ludology vs narratology

As some of you know, HUMlab hosted a debate/discussion on game studies in January 2005 with Espen Aarseth and Henry Jenkins (realmedia stream here). The intention was not primarily to support confrontation or to resolve the so-called ludology/narratology issue.

Interestingly Janet Murray has recently published a preface to a keynote talk she delivered at DiGRA 2005, Vancouver, June 17, 2005. It is entitled “The Last Word on Ludology v Narratology in Game Studies” and is a good read I think. Murray makes reference to the HUMlab debate:

The most recent attempt an encounter between Henry Jenkins and Espen Aarseth in Umea Sweden in January 2005 — was judged by the participants and observers as lacking in the expected formalism of a contest. There was too much mutual interest and agreement, though some clear differences in emphasis.

One of our aims, I guess, was the opposite of confrontation, and mutual interest is often a good thing. But it was also clear that there really are some paradigmatic differences of perspective. The question is who defines the agenda and the positions. Murray claims that narratology is the authority against which the ludologists have rebelled and she suggests that there might be no narratologists:

In fact, no one has been interested in making the argument that there is no difference between games and stories or that games are merely a subset of stories.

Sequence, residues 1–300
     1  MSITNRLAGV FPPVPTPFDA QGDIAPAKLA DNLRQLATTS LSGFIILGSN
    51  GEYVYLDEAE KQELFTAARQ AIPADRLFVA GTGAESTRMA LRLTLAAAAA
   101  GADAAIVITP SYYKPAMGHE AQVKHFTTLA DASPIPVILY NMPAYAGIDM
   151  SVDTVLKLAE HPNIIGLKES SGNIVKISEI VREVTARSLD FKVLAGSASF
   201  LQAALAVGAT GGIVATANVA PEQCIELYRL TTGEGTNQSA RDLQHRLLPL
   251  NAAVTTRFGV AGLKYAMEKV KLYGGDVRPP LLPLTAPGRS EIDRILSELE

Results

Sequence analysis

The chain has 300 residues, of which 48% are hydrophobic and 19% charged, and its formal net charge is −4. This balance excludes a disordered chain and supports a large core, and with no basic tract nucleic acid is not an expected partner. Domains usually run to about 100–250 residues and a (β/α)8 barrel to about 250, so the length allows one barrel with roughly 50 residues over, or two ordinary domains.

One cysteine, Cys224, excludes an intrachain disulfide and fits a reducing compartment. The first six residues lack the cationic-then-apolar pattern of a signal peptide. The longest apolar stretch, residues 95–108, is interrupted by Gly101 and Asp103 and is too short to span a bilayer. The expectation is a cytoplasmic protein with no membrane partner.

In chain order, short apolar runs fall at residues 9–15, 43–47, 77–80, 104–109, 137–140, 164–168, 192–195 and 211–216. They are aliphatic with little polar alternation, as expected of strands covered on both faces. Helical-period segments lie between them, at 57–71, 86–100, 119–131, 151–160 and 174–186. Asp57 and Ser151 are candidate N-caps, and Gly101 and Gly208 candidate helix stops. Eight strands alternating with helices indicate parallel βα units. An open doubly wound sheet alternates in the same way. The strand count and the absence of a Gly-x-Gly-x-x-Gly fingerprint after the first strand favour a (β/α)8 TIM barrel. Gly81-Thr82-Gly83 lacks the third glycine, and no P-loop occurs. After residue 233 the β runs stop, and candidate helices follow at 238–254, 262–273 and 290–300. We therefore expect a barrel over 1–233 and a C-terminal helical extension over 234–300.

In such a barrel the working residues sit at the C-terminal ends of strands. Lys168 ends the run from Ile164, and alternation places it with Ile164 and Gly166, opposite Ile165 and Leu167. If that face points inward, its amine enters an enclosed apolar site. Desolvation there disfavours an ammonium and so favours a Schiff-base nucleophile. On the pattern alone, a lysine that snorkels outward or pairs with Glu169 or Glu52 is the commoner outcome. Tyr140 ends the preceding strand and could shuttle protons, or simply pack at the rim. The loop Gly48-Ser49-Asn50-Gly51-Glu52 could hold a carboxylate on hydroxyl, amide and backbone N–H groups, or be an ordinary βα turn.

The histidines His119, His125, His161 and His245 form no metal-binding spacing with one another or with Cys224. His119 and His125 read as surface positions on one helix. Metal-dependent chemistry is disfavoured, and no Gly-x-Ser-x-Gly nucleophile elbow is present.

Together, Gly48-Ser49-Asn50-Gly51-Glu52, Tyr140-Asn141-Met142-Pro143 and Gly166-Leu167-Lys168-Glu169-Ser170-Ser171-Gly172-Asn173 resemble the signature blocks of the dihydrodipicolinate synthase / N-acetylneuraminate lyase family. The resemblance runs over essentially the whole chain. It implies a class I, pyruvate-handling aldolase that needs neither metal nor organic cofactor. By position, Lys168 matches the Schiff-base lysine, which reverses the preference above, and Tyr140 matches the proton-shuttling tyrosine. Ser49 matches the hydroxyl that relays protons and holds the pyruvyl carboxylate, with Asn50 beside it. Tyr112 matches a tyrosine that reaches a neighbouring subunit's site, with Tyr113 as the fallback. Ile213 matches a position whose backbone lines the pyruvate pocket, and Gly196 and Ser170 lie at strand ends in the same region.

And if the narratologists are being definied by the ludologists there is no resolution (unless the ludologists come up with a resolution themselves I suppose):

The ludology v narratology argument argument can never be resolved because one group of people is defining both sides of it. The “ludologists” are debating a phantom of their own creation.

I wonder whether the ludologists also could be seen as a kind of construction? Maybe not. Anyway, while I agree with many of Murray’s points (without being a real game scholar myself) I also find myself liking both the rich and contextual analysis that Henry Jenkins represents and the systematic beauty of the analysis that Aarseth and others propose. I do not particularly see the need for having to exclude other perspectives than your own but I am sure the paradigmatic tension (even if it is created by one party) contributes to our understanding of games.